Remember that taste buds grow along with bodies so keep offering; broccoli haters today may be rockin’-the-broc award winners in the future.
A developing mind also requires water. Evidence shows that children with attention and memory problems are often just slightly dehydrated. Teachers are now being encouraged to give water breaks, but it’s important to develop good hydration habits at home, which include drinking plenty of water and steering clear of soda and other sugary beverages.
Exercise is also important to a child’s brain health, and kids need more than what they get during school recess and physical education classes. Encourage at least 30 minutes of active play after school too. Let them ride bikes, enroll them in a sport or play outside together. Exercise helps kids relax and de-stress, which ultimately affects a child’s attention span and memory.
Many parents keep a scheduled bedtime for kids during the week but relax it (sometimes significantly) during the weekend or over school breaks. “Sleep allows the brain to rest and reset,” says Dr. William Brown, a psychiatrist at the Peter O’Donnell Jr. Brain Institute at the UT Southwestern Medical Center in Dallas. “And insufficient sleep can negatively and permanently alter how a brain functions.”
Daytime sleepiness, emotional outbursts, moodiness and excessive goofiness or clumsiness all indicate a deficiency in sleep. Keep the schedule on course and don’t deviate by more than an hour—even on special occasions. “Sleep is critical for optimal academic and physical functioning,” Brown says.
To get better sleep, experts suggest limiting kids’ screen time, especially before bed. The blue light cast from electronic devices is thought to have the same effect as caffeine.
According to sleep specialists, toddlers need 12–15 hours of sleep a day (including nighttime sleep and naps), children ages 3–5 require 11–13 hours and ages 5–12 should get 10–12 hours of shut-eye. Want a good indicator of whether or not your kids are getting sufficient zzz’s? Do they wake up in the morning on their own? If not, they need more sleep and probably need an earlier bedtime.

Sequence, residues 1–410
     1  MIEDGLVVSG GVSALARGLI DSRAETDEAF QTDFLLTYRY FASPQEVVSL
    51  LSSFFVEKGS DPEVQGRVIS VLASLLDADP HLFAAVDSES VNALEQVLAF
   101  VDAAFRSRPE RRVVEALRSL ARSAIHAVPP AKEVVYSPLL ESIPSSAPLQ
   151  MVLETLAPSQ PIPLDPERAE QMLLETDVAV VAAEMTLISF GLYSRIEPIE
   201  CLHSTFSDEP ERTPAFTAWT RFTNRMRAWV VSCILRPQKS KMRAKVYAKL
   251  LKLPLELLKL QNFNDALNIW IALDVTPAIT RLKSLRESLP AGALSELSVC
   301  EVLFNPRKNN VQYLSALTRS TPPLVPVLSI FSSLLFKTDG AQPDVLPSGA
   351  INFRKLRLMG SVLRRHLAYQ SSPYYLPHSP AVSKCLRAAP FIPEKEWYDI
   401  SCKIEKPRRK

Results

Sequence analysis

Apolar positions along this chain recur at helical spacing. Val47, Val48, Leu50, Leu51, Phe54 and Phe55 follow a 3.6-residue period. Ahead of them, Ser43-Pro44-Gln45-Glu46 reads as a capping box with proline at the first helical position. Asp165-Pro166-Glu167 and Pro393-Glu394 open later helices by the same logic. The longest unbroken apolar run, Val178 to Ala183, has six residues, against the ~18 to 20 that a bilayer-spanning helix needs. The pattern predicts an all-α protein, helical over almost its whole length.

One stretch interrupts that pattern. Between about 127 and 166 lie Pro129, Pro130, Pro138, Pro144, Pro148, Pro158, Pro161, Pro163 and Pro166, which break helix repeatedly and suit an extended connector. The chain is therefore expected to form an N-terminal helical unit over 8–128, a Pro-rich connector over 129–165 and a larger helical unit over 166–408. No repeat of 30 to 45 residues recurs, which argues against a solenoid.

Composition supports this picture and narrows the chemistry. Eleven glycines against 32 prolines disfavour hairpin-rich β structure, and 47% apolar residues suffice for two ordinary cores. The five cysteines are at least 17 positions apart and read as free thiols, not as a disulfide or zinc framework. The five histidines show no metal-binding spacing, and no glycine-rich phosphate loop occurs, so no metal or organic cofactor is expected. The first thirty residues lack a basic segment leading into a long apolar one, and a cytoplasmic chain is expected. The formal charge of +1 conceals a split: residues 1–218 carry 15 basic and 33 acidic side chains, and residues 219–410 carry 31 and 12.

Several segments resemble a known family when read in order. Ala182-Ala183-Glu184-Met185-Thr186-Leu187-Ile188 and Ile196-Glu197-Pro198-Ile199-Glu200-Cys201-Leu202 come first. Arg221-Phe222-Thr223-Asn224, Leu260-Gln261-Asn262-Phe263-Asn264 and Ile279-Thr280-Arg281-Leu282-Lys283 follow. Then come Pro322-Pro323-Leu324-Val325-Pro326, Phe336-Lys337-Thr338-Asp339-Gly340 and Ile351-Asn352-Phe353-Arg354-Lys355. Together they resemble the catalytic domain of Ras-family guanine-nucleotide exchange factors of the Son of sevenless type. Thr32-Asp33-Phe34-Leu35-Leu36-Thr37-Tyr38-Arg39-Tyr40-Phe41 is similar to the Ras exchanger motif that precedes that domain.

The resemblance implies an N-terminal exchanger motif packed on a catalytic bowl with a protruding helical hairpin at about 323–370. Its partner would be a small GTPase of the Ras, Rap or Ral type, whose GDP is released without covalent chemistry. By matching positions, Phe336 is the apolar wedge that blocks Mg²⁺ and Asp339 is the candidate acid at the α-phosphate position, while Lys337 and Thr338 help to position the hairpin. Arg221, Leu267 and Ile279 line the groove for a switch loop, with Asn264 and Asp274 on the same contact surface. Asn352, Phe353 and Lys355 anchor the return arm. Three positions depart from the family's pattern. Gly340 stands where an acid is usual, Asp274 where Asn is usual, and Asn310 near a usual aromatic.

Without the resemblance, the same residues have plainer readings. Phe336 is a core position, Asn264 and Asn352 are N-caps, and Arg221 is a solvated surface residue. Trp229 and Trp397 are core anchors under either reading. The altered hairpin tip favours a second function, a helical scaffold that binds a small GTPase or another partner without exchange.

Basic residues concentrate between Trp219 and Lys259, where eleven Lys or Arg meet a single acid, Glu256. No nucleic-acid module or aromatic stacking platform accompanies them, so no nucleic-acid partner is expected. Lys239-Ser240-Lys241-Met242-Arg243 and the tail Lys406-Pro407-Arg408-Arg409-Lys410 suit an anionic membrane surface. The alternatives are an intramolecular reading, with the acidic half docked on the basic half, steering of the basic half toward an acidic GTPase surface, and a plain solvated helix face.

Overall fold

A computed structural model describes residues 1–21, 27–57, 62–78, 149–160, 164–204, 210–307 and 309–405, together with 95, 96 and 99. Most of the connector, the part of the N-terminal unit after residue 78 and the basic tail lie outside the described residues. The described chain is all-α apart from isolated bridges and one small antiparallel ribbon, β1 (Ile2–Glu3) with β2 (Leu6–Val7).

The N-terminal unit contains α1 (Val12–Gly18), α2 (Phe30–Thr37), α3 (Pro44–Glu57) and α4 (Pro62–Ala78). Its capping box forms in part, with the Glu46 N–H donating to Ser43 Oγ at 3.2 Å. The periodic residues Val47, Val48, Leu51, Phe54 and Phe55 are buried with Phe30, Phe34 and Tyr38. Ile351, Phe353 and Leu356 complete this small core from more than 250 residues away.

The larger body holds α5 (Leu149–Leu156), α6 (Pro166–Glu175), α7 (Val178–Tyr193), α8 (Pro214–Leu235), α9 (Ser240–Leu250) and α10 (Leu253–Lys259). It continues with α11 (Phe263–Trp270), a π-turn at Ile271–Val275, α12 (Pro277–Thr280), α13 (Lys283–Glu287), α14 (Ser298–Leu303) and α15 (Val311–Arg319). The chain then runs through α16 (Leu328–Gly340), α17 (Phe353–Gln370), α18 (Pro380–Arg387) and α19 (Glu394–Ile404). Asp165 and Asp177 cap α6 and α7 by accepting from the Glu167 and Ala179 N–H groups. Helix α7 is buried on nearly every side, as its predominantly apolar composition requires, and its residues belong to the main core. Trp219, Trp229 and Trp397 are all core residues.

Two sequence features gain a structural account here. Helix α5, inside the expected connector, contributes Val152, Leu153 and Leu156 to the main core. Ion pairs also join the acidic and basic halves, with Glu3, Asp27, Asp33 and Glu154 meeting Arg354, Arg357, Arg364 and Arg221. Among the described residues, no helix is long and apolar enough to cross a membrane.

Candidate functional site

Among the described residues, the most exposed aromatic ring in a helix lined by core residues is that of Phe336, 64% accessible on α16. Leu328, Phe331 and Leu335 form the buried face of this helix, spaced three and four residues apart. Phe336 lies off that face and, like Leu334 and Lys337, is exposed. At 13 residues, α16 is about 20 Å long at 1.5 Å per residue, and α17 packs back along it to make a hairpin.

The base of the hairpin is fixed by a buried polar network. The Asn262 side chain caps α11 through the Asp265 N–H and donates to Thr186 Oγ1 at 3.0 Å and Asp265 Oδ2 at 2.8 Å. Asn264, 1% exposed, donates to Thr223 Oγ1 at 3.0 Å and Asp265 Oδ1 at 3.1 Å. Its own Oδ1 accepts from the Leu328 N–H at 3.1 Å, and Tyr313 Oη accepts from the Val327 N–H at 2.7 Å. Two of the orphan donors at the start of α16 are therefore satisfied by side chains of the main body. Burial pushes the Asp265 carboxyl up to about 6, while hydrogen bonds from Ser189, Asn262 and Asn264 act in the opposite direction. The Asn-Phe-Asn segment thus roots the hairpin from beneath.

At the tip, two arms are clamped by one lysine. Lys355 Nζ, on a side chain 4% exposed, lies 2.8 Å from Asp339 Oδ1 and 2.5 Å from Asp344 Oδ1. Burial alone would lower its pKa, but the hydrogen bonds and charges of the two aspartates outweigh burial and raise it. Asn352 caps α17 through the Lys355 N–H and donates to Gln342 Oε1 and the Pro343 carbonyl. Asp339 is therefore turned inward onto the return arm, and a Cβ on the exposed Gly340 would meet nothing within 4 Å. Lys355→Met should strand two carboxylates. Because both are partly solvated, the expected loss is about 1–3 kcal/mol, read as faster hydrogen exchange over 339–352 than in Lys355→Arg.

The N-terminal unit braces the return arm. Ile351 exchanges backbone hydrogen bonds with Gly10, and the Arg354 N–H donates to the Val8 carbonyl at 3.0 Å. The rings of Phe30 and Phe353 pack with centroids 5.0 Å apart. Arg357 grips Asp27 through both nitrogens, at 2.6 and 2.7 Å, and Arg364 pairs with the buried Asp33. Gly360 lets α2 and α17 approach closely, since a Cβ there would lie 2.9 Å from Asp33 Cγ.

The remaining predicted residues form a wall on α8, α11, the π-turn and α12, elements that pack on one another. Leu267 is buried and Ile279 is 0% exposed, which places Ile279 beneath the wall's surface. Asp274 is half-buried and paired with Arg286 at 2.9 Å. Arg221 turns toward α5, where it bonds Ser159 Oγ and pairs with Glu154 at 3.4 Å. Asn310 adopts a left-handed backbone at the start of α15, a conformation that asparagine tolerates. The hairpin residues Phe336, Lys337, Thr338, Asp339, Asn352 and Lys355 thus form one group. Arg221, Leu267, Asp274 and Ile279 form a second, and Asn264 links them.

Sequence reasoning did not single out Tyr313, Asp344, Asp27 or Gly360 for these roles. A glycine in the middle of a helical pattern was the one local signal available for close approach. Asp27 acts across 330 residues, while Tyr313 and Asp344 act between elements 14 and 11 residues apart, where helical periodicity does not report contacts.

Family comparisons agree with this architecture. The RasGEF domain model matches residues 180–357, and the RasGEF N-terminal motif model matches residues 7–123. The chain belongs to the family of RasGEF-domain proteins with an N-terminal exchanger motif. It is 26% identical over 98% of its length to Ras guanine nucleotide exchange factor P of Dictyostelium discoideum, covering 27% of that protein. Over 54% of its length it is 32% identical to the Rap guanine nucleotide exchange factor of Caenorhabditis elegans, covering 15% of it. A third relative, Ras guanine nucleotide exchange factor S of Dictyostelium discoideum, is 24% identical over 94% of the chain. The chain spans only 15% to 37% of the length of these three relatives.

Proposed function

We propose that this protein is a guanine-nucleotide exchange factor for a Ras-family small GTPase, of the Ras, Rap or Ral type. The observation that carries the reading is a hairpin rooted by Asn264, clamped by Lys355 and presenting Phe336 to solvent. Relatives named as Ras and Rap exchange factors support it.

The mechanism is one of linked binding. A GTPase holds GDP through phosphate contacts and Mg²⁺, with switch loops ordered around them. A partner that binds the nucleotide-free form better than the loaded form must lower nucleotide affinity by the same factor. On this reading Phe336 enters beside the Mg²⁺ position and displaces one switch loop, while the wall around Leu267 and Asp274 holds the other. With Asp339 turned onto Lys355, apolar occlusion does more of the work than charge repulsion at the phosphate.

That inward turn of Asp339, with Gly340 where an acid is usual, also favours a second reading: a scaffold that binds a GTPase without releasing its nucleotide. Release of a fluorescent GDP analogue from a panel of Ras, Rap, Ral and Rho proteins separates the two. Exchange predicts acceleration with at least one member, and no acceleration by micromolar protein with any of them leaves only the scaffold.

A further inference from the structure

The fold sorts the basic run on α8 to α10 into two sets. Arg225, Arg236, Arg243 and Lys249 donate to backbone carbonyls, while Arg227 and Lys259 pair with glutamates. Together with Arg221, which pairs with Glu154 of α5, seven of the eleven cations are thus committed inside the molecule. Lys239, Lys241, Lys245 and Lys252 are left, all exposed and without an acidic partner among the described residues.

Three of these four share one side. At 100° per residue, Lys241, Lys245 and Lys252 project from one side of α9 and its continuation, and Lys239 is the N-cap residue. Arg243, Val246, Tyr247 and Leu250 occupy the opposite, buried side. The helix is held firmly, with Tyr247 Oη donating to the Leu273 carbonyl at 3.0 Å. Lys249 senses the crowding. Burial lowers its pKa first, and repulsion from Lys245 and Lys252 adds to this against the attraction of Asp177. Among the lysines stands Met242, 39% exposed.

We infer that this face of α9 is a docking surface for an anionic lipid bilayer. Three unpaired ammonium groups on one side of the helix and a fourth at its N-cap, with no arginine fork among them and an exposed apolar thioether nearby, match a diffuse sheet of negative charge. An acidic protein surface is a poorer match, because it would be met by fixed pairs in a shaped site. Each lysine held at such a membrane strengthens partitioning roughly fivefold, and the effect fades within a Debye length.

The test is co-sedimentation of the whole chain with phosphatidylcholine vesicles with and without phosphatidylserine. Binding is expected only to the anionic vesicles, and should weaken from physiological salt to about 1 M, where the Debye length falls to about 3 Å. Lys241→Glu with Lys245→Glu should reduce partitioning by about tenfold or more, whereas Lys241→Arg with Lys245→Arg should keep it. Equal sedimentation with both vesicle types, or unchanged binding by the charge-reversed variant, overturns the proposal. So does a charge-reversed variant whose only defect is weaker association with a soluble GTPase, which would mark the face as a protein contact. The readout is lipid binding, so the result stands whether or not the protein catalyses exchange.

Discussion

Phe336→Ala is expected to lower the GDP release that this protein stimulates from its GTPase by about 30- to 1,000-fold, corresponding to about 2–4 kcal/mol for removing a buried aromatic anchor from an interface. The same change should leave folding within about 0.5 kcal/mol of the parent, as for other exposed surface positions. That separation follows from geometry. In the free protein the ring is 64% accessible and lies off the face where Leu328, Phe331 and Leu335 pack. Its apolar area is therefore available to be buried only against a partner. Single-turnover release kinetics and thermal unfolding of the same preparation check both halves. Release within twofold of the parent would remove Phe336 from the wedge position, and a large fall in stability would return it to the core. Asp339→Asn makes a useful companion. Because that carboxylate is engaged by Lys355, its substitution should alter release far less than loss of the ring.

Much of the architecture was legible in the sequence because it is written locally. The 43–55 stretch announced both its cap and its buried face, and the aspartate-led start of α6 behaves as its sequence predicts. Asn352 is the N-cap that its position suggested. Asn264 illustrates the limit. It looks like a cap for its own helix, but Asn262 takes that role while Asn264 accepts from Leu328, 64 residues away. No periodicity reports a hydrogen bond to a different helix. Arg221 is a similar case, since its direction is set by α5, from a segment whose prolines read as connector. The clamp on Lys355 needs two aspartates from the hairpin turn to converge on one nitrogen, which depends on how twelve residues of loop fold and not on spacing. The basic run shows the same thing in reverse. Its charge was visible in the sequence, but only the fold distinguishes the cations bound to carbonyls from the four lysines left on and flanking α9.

“For children to learn, they need to be in a place where they feel safe,” says Justin Smith, a pediatrician at Cook Children’s Hospital in Trophy Club. Worrisome kiddos tend to be inattentive and distracted. Being unsure of a parent’s reaction sends the young brain into stress mode. The brain focused on protecting itself isn’t open to learning, which is why discipline doesn’t work in moments of heightened anxiety. Be a predictable parent who manages your kids’ (brains’) expectations.
It shouldn’t be about perfection—consistency is the goal, says Dr. Laura Lamminen, a psychologist at Children’s Health in Dallas and Plano. “[That means] structure during the day, rules in the home, reasonable expectations and consequences for actions,” she explains.
It’s really a simple, intuitive recipe to create a secure home environment for kids. It includes talking, reading, singing, caring, loving and giving ample affection to kids.